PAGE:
For long we have known that the arteries perform a major function of carrying deoxygenated blood from the capillaries to the lungs to oxygenate the blood. While we may not really think about it too much, eating right it appears could help our arteries to function adequately.
New British Heart Foundation scientists from Imperial College London have recently revealed the significance of including vegetables in everyday diet. The studies have shed light on why vegetables are good for the heart.
According to studies, a normally-protective protein known as Nrf2 is passive and inoperative in areas of arteries which are quite vulnerable to disease. But, they have also discovered that a chemical found in certain vegetables such as broccoli, cabbage and cauliflower, may contribute towards activating Nrf2 in the arteries disease-prone regions. It is believed that consuming these vegetables everyday can boost a natural defense mechanism in human body thereby helping in protecting arteries from diseases.
Dr Paul Evans, from the National Heart and Lung Institute at Imperial College London, explained, “We found that the innermost layer of cells at branches and bends of arteries lack the active form of Nrf2, which may explain why they are prone to inflammation and disease. Treatment with the natural compound sulforaphane reduced inflammation at the high-risk areas by ‘switching on’ Nrf2. Sulforaphane is found naturally in broccoli, so our next steps include testing whether simply eating broccoli, or other vegetables in their ‘family’, has the same protective effect. We also need to see if the compound can reduce the progression of disease in affected arteries.”
Studies reveal that the arteries get clogged due to several factors including when fatty deposits of cholesterol and other substances stick to the arterial walls and create plagues known as atherosclerosis. This atherosclerosis can result into angina, heart attack and stroke. Therefore, considering such adverse effects on the arteries functioning, experts established a fact that green leafy vegetables protect arteries from clogging that can cause heart attacks.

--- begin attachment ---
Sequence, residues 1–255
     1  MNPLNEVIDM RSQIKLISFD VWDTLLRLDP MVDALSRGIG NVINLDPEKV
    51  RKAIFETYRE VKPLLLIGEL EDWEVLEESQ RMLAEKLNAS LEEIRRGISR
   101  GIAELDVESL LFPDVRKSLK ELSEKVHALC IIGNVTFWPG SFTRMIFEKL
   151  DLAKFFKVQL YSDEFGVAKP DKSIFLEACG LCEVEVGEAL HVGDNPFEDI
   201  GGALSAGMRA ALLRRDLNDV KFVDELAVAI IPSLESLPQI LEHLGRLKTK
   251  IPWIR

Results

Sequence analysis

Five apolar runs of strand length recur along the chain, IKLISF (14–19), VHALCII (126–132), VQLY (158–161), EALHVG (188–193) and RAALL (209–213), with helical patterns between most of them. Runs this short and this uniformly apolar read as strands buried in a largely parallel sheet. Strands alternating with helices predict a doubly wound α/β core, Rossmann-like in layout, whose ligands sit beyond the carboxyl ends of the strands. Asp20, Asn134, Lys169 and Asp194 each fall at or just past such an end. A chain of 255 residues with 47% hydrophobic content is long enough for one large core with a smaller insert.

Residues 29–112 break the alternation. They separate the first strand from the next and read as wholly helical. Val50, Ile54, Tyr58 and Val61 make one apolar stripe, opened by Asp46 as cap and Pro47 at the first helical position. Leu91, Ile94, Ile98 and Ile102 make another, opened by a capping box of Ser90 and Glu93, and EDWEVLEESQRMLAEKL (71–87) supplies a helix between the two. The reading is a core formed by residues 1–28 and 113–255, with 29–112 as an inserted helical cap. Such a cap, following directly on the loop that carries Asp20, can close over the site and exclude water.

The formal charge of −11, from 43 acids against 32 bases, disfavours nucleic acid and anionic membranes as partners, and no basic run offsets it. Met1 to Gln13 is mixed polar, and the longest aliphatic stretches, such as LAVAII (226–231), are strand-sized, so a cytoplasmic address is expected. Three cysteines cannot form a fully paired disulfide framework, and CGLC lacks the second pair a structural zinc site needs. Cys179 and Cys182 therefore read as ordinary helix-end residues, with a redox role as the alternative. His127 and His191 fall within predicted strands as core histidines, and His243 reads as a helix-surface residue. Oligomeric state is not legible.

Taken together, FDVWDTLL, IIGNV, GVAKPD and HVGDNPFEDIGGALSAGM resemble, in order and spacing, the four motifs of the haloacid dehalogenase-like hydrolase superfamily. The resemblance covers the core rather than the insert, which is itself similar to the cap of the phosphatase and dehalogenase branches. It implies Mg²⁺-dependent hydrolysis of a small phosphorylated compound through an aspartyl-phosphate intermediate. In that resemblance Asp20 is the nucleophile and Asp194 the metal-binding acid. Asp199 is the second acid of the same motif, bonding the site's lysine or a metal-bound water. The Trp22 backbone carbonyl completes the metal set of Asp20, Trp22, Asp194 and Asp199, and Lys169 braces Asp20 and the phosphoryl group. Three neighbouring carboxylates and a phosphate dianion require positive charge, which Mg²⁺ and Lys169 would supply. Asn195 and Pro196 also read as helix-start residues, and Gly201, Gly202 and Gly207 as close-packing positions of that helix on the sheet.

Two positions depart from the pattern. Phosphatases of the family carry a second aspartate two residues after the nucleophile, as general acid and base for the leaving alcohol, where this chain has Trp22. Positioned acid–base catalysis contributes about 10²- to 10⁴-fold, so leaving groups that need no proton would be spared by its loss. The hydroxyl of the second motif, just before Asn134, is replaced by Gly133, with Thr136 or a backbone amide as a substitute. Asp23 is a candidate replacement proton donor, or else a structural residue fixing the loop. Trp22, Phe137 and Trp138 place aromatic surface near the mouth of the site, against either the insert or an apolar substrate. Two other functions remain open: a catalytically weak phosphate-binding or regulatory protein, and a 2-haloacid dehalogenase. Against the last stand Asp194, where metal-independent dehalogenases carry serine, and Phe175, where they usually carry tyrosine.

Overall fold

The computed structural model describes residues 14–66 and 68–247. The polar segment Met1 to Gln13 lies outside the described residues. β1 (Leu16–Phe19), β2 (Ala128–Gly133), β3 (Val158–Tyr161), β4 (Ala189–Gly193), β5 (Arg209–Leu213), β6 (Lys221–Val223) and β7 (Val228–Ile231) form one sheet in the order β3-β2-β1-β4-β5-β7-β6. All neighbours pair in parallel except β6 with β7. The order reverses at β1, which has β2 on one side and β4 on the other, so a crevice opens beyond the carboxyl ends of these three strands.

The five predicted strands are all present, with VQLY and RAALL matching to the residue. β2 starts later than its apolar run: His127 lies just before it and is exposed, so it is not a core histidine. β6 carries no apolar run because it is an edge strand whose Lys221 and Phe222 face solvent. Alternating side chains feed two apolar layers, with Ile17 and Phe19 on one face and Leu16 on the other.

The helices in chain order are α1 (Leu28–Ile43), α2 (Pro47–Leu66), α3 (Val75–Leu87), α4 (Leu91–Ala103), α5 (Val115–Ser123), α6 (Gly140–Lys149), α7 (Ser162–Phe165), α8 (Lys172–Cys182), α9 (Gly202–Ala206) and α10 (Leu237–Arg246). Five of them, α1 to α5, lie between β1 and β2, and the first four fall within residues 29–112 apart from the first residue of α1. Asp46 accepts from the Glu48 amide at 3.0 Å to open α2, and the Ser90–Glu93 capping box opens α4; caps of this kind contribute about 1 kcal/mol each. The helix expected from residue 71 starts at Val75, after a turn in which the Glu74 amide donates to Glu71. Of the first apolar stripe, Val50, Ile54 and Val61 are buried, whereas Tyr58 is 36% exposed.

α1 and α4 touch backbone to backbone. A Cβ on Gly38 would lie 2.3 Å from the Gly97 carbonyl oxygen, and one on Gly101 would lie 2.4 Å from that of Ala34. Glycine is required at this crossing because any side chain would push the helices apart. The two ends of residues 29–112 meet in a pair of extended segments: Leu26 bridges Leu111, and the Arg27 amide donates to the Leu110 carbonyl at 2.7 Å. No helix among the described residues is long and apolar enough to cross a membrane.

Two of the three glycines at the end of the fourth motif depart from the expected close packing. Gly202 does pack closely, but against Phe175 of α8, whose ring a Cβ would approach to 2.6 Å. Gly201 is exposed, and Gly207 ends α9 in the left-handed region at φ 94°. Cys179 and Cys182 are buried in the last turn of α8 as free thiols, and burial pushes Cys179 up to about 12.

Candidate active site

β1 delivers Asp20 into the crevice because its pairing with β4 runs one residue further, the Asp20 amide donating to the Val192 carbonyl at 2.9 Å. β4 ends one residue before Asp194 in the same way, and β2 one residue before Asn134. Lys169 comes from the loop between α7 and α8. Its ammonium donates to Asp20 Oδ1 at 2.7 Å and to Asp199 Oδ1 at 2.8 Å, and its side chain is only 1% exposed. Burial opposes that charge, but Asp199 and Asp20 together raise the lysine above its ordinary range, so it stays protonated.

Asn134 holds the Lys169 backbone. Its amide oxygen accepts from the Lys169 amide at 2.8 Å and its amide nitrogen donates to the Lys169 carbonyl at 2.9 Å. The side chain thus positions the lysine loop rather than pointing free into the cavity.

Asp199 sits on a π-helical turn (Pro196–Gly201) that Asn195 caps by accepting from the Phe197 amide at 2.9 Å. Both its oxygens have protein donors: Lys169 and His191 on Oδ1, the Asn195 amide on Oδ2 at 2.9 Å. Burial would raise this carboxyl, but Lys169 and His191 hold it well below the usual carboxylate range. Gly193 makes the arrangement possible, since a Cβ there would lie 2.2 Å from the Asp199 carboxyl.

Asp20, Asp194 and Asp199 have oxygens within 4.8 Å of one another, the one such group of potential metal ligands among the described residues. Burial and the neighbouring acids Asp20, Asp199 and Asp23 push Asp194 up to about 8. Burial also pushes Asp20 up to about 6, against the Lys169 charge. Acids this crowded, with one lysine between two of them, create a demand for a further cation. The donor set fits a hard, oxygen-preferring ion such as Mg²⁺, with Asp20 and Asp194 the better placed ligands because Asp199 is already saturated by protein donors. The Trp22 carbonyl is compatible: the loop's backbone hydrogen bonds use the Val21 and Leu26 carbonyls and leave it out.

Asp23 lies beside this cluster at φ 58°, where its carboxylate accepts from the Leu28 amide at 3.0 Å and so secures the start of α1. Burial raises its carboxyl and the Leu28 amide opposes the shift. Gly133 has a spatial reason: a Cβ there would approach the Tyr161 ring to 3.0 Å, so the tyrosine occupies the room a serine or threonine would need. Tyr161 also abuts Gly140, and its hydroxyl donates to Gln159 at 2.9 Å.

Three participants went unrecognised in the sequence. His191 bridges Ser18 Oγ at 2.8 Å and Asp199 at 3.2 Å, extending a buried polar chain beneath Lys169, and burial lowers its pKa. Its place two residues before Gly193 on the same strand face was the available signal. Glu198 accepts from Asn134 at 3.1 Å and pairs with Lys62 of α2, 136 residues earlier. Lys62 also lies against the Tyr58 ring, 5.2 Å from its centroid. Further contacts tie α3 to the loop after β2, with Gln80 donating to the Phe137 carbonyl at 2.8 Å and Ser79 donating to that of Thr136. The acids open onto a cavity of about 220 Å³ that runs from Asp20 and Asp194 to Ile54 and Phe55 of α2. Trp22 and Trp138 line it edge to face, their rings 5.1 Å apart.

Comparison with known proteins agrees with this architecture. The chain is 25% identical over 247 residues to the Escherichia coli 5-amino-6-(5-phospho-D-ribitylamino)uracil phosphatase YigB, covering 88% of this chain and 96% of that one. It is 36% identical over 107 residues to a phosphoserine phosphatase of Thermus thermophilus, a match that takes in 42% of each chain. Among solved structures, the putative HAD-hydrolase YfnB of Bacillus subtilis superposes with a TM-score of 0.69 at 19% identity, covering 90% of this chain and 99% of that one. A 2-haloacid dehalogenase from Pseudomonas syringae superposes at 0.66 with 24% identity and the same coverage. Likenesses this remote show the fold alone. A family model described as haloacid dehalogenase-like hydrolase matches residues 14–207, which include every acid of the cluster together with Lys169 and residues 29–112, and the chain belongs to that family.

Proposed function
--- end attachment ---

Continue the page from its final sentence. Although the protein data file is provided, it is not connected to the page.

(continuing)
Professor Peter Weissberg, Medical Director at the BHF, said, “These fascinating findings provide a possible mechanism by which eating vegetables protects against heart disease. As well as adding evidence to support the importance of eating ‘five-a-day’, the biochemistry revealed in this research could lead to more targeted dietary or medical approaches to prevent or lessen disease that leads to heart attacks and strokes.”
With using normal mice, and mice engineered to lack the Nrf2 protein, the analysis discovered that in straight sections of arteries Nrf2 was present in the endothelial lining cells. Through its action and influence on other proteins, it prevented the cells from becoming inflamed, which is an early stage in the development of atherosclerosis.
In the lining cells of disease-prone sites – such as bending or branched arteries – Nrf2 was attached to a protein that made it inactive. This interrupted its protective and shielding properties.
The findings showed that adding sulforaphane actually re-activated Nrf2 in the disease-prone regions of the artery which resulted in reestablishing the cells’ ability to safeguard them from becoming inflamed. The scientists believe that this will help these artery regions to remain strong and healthy for longer, or even eliminate the progression of present disease. It is expected that this will be examined in their next phase of analysis.
This significance of eating vegetables everyday is recently published in the Journal Arteriosclerosis Thrombosis and Vascular Biology.